17 November 2009

The New ERP - Part 8

Creating your Current Reality Tree (CRT)

Once you have completed your CRT, take a close look at the "roots." Roots are those entities at the bottom of the tree that have no arrow leading into them. Generally speaking, you will find that the roots of your CRT will fall into two very broad categories:
  1. Things you can change or affect in some way, and

  2. Things you likely cannot change or affect (de facto roots).
When classifying entities into the latter category (de facto) take great care. Do not allow yourself or your team to make excuses by simply saying that "we have no control over that." For example, quality issues from outside suppliers may not be in your direct control, but they are certainly within your realm of influence -- especially if you are a major customer of the vendor.

Once your team has identified all of the roots that fall into the first category, you will likely find that these roots may be further subdivided into three more categories:
  1. Root causes for which improvement requires no new technologies
  2. Root causes where you may achieve some improvement without the aid of new technologies, but further improvement may also be achieved by applying new technologies as part of an ongoing improvement process
  3. Root causes where the most logical and most effective action toward improvement will involve the deployment of new technologies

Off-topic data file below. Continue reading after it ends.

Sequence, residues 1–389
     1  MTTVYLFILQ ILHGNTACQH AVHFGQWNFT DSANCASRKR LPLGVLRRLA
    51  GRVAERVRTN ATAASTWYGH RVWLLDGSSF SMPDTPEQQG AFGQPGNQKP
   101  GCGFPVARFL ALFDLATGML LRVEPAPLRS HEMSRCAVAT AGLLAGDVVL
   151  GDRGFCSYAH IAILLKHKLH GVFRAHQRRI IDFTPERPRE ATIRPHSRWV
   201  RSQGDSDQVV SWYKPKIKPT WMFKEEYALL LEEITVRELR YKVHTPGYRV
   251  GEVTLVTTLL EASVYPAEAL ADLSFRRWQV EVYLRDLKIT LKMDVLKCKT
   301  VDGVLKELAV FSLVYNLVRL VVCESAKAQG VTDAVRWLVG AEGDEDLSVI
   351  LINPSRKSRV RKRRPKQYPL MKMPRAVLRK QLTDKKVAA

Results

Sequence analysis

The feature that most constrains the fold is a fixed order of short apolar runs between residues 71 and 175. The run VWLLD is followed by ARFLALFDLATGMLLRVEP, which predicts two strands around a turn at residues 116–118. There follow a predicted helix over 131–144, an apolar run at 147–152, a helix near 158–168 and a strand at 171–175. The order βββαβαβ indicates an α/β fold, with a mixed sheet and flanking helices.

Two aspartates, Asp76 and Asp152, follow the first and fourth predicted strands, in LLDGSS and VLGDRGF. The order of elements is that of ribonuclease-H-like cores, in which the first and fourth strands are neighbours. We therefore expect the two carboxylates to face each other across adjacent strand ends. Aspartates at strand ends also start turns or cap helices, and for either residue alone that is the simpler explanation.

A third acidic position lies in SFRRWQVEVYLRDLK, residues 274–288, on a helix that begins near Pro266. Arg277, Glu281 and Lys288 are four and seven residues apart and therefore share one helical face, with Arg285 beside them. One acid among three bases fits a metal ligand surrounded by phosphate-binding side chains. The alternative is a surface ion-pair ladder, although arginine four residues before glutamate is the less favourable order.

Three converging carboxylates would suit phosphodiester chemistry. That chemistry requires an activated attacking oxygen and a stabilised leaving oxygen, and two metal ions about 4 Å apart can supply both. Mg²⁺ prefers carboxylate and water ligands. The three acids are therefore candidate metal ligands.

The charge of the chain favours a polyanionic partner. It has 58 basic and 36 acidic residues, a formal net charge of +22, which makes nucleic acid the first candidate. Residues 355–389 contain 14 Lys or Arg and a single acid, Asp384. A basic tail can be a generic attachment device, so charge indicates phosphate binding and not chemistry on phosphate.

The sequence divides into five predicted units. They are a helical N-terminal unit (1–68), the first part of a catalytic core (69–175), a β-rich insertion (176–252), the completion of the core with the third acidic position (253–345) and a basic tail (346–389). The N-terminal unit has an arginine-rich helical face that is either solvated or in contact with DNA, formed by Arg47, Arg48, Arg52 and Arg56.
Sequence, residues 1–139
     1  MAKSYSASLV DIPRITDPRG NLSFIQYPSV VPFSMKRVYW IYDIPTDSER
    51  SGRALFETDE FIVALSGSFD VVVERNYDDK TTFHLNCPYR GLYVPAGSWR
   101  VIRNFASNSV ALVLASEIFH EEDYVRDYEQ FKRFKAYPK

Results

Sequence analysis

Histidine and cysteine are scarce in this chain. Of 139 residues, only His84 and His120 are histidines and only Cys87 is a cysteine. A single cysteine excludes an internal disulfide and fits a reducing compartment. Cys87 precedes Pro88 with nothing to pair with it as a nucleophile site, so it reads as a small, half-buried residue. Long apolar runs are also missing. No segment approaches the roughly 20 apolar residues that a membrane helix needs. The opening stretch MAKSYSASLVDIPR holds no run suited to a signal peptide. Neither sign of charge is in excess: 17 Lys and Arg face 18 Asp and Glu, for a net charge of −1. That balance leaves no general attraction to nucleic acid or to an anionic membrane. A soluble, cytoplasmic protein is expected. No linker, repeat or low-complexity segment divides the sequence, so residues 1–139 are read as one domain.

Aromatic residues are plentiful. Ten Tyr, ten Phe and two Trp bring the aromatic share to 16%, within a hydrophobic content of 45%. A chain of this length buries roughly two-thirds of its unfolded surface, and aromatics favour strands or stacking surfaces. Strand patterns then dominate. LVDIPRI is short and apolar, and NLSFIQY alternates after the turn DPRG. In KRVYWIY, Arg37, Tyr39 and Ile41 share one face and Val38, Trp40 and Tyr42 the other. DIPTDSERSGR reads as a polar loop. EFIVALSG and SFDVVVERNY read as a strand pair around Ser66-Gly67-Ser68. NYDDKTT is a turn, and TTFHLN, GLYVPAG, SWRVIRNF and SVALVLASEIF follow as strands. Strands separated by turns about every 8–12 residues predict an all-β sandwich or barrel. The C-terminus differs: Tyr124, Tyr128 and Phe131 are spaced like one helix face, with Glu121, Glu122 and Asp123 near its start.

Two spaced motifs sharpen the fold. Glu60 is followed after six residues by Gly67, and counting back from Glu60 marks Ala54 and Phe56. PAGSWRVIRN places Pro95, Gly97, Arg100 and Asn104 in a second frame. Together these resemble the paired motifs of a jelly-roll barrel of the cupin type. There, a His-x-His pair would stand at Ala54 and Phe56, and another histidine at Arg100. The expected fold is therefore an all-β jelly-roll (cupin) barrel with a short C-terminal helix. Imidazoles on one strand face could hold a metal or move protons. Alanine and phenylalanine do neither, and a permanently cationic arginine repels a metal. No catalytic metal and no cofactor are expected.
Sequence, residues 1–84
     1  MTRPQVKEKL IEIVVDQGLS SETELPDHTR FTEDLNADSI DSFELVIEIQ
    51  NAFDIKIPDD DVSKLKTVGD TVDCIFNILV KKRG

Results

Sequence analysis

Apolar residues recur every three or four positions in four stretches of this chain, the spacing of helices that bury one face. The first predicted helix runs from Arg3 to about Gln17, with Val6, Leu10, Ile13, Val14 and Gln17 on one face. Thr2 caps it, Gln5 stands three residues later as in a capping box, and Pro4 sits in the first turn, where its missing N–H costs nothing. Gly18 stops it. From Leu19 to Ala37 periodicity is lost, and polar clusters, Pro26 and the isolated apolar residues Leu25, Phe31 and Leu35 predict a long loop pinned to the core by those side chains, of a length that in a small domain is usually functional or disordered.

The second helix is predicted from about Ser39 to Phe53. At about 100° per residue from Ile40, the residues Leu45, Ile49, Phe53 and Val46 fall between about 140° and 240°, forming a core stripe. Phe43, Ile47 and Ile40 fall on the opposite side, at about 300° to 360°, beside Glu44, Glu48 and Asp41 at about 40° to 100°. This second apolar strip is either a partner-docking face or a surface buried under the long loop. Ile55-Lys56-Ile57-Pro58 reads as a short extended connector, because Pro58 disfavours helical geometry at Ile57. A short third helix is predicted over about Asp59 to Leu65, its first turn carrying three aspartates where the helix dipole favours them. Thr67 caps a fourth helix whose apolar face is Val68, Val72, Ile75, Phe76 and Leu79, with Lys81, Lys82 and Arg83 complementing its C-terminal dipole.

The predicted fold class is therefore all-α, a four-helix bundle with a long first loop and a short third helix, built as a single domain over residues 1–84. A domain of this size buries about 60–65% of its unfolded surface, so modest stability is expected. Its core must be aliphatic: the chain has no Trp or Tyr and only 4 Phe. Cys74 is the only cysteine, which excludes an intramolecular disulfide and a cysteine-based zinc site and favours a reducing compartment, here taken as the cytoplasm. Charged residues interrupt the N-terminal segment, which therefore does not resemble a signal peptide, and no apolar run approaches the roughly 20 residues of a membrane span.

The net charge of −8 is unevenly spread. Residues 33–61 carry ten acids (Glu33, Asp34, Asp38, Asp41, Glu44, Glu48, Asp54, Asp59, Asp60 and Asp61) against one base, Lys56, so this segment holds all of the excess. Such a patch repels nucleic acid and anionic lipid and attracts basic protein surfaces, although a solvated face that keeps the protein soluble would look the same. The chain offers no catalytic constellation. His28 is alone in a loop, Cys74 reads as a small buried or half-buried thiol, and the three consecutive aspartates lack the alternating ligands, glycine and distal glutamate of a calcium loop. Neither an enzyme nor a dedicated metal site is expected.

Most of the organizations we work with find that more of the things they need to change for improvement do not involve investments in new technologies. If this is your case, then "Congratulations!" In less than one day (most likely) you and your management team have discovered how to begin system-wide improvement that
  • May be commenced immediately

  • May involve little or no cost

  • Will likely deliver improvements that increase Throughput, reduce Inventories or the demand for new Investment, and/or will probably help you hold the line on Operating Expenses while you grow your business
Equally as important, however, is the fact that if you find the need for new technologies, the cash flow from the non-technology early-win improvements can help pave the way for the investment in new technologies in the near future.

[To be continued]

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